three bin compost in EG

Summer Newsletter: Sustainability

Sustainability: Composting

By Talia Soalt, Wildlife, Fish and Conservation Biology ‘21

Have you ever reached into the deepest, darkest corner of your refrigerator to re-discover that one veggie that got deserted along the way to your dinner last week? I know I’ve been there. The good news is that this abandoned veggie doesn’t have to go to waste. Let’s talk about the application of composting -- a sustainable way to turn what once may have gone in your trash bin into repurposable black gold!

So what exactly is composting? Composting is the process by which nutrient-rich materials frequently regarded as “waste” are recycled into humus, a nourishing component of topsoil resulting from extensive decomposition of raw materials. While the process of composting can be accomplished differently, it begins with four resources: carbon-rich “brown” material (wood chips, dead leaves, animal bedding), nitrogen-rich “green” material (fresh food waste, grass, coffee grounds), oxygen, and water. Once created, the next step is to tend to the pile by: watering, to keep the proper moisture level; turning, to ensure all material heats up; and monitoring temperatures, to assess productivity. When given time, combined with a little TLC, organic matter decomposes at an accelerated rate, thanks to the help of our microbial friends -- bacteria and fungi. Since these microbes make soil a vital living organism, composting serves an important role in fostering soil health. What once seemed to be a heap of waste destined to pile up at the dump has now become your very own nutrient-dense, garden superfood!

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How does the student farm compost? Our primary composting operation in the Ecological Garden is a small-scale three bin system. We begin with a row of leftover vegetative materials, like plant trimmings and weeds from around the garden. Once chopped up and dried out, this material gets put into our first bin, our “active pile”. We oversee this pile by adding alternating layers of green and brown matter to it. At this stage, temperatures may reach 150-160℉, letting us know the thermophilic bacteria is having a blast. The microbes are the most active in this pile. Once the pile gets big enough, or we have used all of our finished compost, the “active” pile is flipped into a second bin, our “passive” pile. This allows time for the pile to sit, and for microbial activity to advance the decomposition process. During this stage, we use a probe thermometer to measure the temperature of the pile, which ranges from 80-120℉, and water the pile if needed. When temperatures get down to around 60-70℉, it is time to flip the pile into our third and final bin, our “finishing pile”. Lower temperatures let us know that our compost is just about ready to be sieved of larger fibrous woody material and wheelbarrowed to the garden beds where we spread it on top or dig it deeper into the soil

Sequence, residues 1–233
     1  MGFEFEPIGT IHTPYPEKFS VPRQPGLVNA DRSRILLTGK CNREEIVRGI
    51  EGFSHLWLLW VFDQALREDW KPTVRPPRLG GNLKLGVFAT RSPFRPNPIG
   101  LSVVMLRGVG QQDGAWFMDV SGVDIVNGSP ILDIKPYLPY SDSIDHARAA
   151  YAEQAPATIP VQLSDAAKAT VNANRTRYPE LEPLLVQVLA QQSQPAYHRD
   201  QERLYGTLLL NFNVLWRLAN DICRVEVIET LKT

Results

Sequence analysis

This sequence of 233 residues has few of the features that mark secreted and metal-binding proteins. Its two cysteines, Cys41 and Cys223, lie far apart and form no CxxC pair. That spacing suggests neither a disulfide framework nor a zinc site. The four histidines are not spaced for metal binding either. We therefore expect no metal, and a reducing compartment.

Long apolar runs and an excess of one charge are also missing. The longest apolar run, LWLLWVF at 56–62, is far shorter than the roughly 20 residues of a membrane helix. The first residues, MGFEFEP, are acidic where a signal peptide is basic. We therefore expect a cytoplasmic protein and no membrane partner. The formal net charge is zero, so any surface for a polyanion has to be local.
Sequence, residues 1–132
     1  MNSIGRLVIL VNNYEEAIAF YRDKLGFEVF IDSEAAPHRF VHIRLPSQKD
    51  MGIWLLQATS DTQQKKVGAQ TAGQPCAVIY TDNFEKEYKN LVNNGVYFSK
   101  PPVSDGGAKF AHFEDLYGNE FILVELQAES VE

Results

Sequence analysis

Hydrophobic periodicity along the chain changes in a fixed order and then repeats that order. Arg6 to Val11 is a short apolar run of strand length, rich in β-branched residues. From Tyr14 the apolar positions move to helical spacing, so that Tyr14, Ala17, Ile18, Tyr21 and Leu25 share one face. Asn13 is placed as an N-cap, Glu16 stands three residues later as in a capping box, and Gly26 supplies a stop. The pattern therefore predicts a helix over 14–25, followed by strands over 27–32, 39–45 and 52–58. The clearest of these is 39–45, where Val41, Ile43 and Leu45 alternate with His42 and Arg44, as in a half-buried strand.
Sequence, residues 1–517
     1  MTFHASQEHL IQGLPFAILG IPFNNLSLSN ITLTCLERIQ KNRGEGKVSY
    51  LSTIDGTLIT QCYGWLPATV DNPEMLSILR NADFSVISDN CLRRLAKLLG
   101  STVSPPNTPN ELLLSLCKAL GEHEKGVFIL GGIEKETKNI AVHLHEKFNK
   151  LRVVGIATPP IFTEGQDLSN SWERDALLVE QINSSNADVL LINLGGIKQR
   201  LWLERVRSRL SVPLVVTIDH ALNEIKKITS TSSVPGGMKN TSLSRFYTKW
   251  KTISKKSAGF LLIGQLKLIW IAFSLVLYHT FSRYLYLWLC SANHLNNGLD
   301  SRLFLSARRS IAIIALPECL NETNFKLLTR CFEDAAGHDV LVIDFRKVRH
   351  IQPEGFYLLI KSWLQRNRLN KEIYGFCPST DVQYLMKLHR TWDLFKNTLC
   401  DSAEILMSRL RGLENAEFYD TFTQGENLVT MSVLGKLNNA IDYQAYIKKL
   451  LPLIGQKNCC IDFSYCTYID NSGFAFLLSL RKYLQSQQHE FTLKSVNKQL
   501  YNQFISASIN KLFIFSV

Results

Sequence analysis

compost and worlsA second method we use in the Ecological Garden is worm composting, or vermiculture. We have a box in the ground full of red worms which we feed fresh food scraps. The worms love the decomposing juices of this fresh material and, after eating, produce dense, nutrient-rich castings. This makes for great compost to be utilized around the garden.

A third type of composting we implement is a windrow system. Windrows go through a similar aerobic cycle as the three bin system, just at a larger scale. In the Market Garden, windrows stretch 200ft long and are full of remains including: discarded matter from CSA baskets, cover crops, and goat and sheep manure. We use a tractor driven compost turner, which efficiently mixes and turns the large pile. Lastly, a compost spreader is employed to transfer ready-to-use composted material to the fields where it becomes available as a nutrient.


How can you set up a similar system at home?

Some methods of composting may be more practical depending on how much space you have and the type of waste products you accumulate. Let’s help you figure out which type of composting may work best for you.

  1. Aerobic composts, similar to the ‘three-bin’ composting we use, are great if you have a backyard and find that the majority of your waste contains more brown matter. Check out tips from the EPA on getting started.
  2. Composting may seem challenging without a backyard or municipal bin. Fortunately, an eco-friendly solution to this (and a fun side hobby) is a worm bin. A worm bin is also a great method if you find that the majority of what you are throwing out is nutrient-dense food waste. Learn how to make your own as detailed by the sanitation departments of NYC and LA.
  3. Lastly, a third option is to get involved in Project Compost, a student-run ASUCD effort to eliminate food waste on campus through composting. For more information, check out their website.





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